.. luxuries may numb you to other people
.. simply being around great material wealth makes people less willing to share
.. Vast sums of money poison not only those who possess them but even those who are merely around them. This helps explain why the nasty ethos of Wall Street has percolated down, including to our politics
.. They seem to have a hard time enjoying simple things, savoring the everyday experiences that make so much of life worthwhile.
.. Because they have lower levels of empathy, they have fewer opportunities to practice acts of compassion — which studies suggest give people a great deal of pleasure .
.. they believe that they deserve their wealth , thus dampening their capacity for gratitude, a quality that has been shown to significantly enhance our sense of well-being. All of this seems to make the rich more susceptible to loneliness; they may be more prone to suicide, as well.
.. By and large, those complaints were not about wealth per se but about corrupt wealth — about wealth “gone wrong” and about unfairness. The idea that there is no way for the vast accumulation of money to “go right” is hardly anywhere to be seen.
.. Wealth has arguably been seen as less threatening to one’s moral health since the Reformation, after which material success was sometimes taken as evidence of divine election. But extreme wealth remained morally suspect
.. particular scrutiny and stigmatization during periods like the Gilded Age
.. only in the 1970s did political shifts cause executive salaries skyrocket, and the current effectively unprecedented inequality in income (and wealth) begin to appear, without any significant public complaint or lament.
.. Certain conservative institutions, enjoying the backing of billionaires such as the Koch brothers, have thrown a ton of money at pseudo-academics and “thought leaders” to normalize and legitimate obscene piles of lucre.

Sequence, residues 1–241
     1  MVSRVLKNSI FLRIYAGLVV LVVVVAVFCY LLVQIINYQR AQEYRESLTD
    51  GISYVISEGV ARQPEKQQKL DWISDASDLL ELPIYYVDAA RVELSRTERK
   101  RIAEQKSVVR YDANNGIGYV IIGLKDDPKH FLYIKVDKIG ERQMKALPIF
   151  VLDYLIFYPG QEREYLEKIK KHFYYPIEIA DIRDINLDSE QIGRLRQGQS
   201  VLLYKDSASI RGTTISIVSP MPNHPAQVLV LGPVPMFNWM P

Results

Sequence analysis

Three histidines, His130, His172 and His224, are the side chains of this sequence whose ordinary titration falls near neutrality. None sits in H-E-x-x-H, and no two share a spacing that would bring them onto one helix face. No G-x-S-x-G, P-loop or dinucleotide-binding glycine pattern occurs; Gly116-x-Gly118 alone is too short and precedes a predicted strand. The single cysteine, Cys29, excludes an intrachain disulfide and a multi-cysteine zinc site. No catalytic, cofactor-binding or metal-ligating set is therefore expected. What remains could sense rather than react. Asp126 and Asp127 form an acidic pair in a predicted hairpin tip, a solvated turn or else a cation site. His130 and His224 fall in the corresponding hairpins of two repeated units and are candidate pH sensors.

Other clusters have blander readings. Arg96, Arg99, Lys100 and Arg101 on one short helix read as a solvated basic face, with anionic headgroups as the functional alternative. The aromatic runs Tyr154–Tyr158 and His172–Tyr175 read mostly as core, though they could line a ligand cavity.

.. high salaries naturally flowed from extreme talent and merit

The Post-Familial Election

HOW did we get here? How did it come to this? Not just to the Donald Trump phenomenon, but to the whole choice facing us on Tuesday, in which a managerial liberalism and an authoritarian nationalism — two visions of the president as essentially a Great Protector

.. For a while, conservatives have worried that this revolution is a boon to liberalism, to centralization and bureaucratic control — because as families thin people are more likely to look to politics for community and government for protection.

.. This idea is borne out in voting patterns, where marriage and kids tend to predict Republican affiliation, and the single and divorced are often reliable Democratic partisans.

.. For this reason mass immigration, the technocratic solution to the economic problems created by post-familialism — fewer workers supporting more retirees — is a double-edged sword: It replaces the missing workers but exacerbates intergenerational alienation, because it heightens anxieties about inheritance and loss.

.. In this landscape, the white-identity politics of Trumpism or European nationalism may be a more intuitively attractive form of right-wing politics than a libertarian conservatism. Right-authoritarianism offers some of the same welfare-state protections that liberalism offers to its Julias, it offers tribal solidarity to people whose family bonds have frayed — and then it links the two, public programs and tribal consciousness, in the promise of a welfare state that’s only designed for you and yours.

.. They can hope that with time the racial and ethnic differences between the generations will diminish, and that eventually state programs can more smoothly substitute for thinning families without ethno-cultural anxieties getting in the way.

.. In either case, the demagogues of the future will have ample opportunity to exploit the deep loneliness that a post-familial society threatens to create.

.. A fear of a world in which no one is bound by kinship to take care of you, and where you can go down into death leaving little or nothing of yourself behind.